- Andhra Pradesh constructed 1.6 lakh toilets to make 110 cities ODF
- Rural sanitation coverage of Andhra Pradesh stands at 60.7 percent
- Government has now escalated the toilet construction work in rural areas
New Delhi: With all its municipalities declared open defecation free (ODF) in October 2016, Andhra Pradesh, which has been faring well in terms of its sanitation coverage in the urban areas, but is lagging behind when it comes to rural areas. Despite the construction of over 19 lakh household toilets (19,02,258) and around 5,325 villages declared ODF, the rural sanitation coverage of Andhra Pradesh still stands at 60.7 percent, witnessing an improvement of just 26 percent since the launch of Swachh Bharat Abhiyan in 2014. Of the 13 districts, only two (West Godawari and Nellore) have managed to provide toilets to all households.
On the contrary, all the 110 cities and towns in the state are open defecation free, making it the second state after Gujarat to declare all its municipalities ODF. This achievement even entitled Andhra Pradesh to earn an incentive of Rs. 185.97 crore from the central government, along with words of appreciation from then Minister of Urban Development M Venkaiah Naidu. Notably, eight of Andhra Pradesh’s 32 urban local bodies (ULBs) that participated in Swachh Survekshan 2017 were ranked among the top 50 clean cities, making it the third state, with the highest number of clean cities or towns in the country after Madhya Pradesh (23 cities) and Gujarat (22 cities).
While speaking to NDTV about how Andhra Pradesh managed to make all its 110 cities ODF, the Managing Director of Swachh Andhra Corporation D. Muralidhar Reddy said, “At the time of starting the work to making cities ODF, we had the task to first repair over 2 lakh toilets which was done effectively in short time”.
Over the period of two years till October 2016 when all the 110 cities were declared ODF, we constructed close to 1.6 lakh individual toilets, 5,464 community toilets and 1,870 public toilets, Mr Reddy further added.
However, the rural areas have not matched the same success yet. While working at the ground level, the district officials observed that though toilets were a necessity for everyone, but due to a majority of the population becoming habituated to open defecation, the importance of toilets was not realised. So, it was decided that awareness campaigns should be conducted across the villages to first change the behaviour of the people towards defecating in the open. And to achieve this, the government made students and youth as torchbearers of the Swachh Bharat Abhiyan in the state and self-help groups were created to carry forward the community led sanitation programme.
These young swachh ambassadors then do door to door campaigns and talk to individuals about the ill effects of open defecation, while motivating them to build a toilet at home and keep using it throughout. These students were then rewarded with ‘Swachh Senani’ titles and grace marks in their studies, said D. Muralidhar Reddy.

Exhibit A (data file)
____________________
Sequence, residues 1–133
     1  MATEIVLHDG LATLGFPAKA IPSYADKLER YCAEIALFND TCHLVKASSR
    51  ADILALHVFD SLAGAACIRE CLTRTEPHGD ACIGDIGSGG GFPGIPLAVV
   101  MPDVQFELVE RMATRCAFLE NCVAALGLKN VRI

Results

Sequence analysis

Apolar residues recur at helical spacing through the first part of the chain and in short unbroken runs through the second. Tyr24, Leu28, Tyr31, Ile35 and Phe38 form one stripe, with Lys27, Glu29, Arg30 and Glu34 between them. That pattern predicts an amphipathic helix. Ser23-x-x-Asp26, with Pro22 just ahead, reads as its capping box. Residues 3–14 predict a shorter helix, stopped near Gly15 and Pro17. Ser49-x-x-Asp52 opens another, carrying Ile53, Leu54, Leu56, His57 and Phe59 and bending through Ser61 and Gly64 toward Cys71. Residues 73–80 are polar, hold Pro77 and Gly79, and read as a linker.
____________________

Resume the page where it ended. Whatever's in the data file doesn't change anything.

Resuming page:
Though the rural sanitation coverage of the state is lagging behind, making Andhra Pradesh stand among the nine states and union territories with sanitation coverage under 70 percent, still there are cases that stand out as an ideal example of how people’s involvement can make Swachh Bharat Abhiyan a success.
One such example is the Kappaldoddi village in Andhra Pradesh, where the sarpanch spearheaded the swachh mission, fought against all odds (like lack of funds, space to build toilets, people’s apathy) to make the village ODF in December 2016. Given the resistance that sarpanch faced from the villagers, who simply refused to build toilets, he decided to take two-pronged approach – spread awareness and create a situation forcing people to give up the age old practice of open defecation. To achieve this, the sarpanch held discussions with the district administration and decided to appoint two Swachhta Doots (cleanliness ambassadors) who would go to all the individual households without toilets and explain in detail the ill effects of open defecation and how the government would disburse money to those who built toilets.
As Swachhta doots and district officials conducted their routine awareness campaigns, the Sarpanch decided to stop cleaning the regular defecating areas around the village. After a few days, several villagers landed up at the Sarpanch office and demanded to know why the defecation spots were not being cleaned. The Sarpanch took this opportunity to address people on how important toilets were and how sanitation eventually leads to overall improvement of health.
Another example is the district of Vizianagaram, which despite its dismal sanitation scenario in February 2017, managed to rev up its sanitation condition by launching the “10,000 individual household toilets (IHHLs) in 100 hours” campaign in May 2017. Under this, a total of 10,000 toilets were built in 71 Gram Panchayats in just 100 hours, thanks to the efforts of over 3,000 officials and 2,000 labourers. The district administration is now looking forward to make Vizianagaram ODF by March 2018.
Across the state, aware of the gaps in rural areas, the Andhra Pradesh government has now escalated the work of constructing individual household toilets, and is planning to make the entire state ODF by March 2018.